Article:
#4

```
set.seed(0)
theta <- -0.5
x <- arima.sim(n = 200,model = list(ma=c(theta)))
y <- acf(x,main = expression(theta[1] == theta))
```

`acf1 = y$acf[2]`

In the ACF plot we can see the different values for the sample autocorrelation \(\rho(.)\) as a function of the lag between observations. The first value is \(\rho(0)\) which is equal to 1 by definition. The estimate of \(\rho(1)\) is −0.399, which is very close to the true theoretical value \(\rho(1)\) = −0.4 . Taking into the account of an MA(q) process where \(\rho(h)\) = 0 for all |h| > q, the remaining values of the sample ACF contained between the confidence bound in dotted blue lines are statistically not significantly different from zero.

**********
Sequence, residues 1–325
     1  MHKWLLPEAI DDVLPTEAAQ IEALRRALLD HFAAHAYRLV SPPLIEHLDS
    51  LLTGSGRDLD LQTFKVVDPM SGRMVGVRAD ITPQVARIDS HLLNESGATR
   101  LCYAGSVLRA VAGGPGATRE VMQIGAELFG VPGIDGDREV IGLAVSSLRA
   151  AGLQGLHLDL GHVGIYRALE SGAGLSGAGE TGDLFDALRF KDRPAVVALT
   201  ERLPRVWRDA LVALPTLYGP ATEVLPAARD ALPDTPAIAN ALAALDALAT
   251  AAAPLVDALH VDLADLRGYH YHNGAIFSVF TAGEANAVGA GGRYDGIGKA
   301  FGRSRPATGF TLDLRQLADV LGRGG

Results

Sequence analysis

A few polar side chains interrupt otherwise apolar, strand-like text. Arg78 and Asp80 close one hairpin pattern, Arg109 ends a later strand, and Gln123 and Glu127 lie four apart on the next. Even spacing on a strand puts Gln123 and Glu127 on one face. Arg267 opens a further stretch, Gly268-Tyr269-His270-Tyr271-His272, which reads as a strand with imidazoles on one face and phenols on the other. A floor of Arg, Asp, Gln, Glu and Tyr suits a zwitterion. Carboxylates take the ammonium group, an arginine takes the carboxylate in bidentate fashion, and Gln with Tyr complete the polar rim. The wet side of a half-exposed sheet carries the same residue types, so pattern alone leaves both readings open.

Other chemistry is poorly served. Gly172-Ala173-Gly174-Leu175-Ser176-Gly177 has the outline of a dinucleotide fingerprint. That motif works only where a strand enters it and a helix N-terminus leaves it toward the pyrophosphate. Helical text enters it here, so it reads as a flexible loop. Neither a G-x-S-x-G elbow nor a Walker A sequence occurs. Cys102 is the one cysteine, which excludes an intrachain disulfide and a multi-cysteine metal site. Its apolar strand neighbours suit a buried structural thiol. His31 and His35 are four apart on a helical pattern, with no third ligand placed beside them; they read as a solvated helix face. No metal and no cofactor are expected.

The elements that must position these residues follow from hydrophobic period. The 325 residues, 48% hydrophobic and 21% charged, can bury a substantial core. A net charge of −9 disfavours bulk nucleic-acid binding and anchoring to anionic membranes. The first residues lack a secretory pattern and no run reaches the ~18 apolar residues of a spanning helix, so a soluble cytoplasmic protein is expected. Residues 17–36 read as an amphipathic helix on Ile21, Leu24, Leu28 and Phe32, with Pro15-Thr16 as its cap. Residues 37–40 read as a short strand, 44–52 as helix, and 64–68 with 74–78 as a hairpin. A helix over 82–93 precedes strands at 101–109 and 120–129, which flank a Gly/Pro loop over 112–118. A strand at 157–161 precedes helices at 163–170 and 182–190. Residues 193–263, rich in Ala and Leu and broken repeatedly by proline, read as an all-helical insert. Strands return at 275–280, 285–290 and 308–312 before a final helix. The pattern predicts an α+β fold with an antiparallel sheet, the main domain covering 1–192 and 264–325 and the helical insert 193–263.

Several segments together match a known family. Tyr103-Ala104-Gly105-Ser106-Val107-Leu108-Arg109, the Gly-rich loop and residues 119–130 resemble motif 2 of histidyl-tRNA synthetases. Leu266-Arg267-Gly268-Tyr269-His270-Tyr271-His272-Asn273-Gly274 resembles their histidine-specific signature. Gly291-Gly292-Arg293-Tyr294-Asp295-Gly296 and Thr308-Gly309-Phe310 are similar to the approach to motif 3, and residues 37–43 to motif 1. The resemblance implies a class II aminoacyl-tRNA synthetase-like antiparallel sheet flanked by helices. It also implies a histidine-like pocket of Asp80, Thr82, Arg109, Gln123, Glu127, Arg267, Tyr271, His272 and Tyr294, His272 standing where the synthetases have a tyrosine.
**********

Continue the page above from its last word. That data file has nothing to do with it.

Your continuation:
```
set.seed(5)
theta1 <- 2
theta2 <- -8
x <- arima.sim(n = 300,model = list(ma=c(theta1,theta2)))
y <- acf(x,main = expression(theta[1] == theta1, theta[2] == theta[2]))
```

`rho2 = y$acf[3]`

In the ACF plot we can see the different values for the sample autocorrelation \(\rho(·)\) as a function of the lag between observations. \(\rho(0)\) = 1 by definition, \(\rho(1)\) = −0.193 and \(\rho(2)\) = −0.135 . The sample estimate for \(\rho(2)\), -0.135, differs a bit from the true value of \(\rho(2)\), -0.116.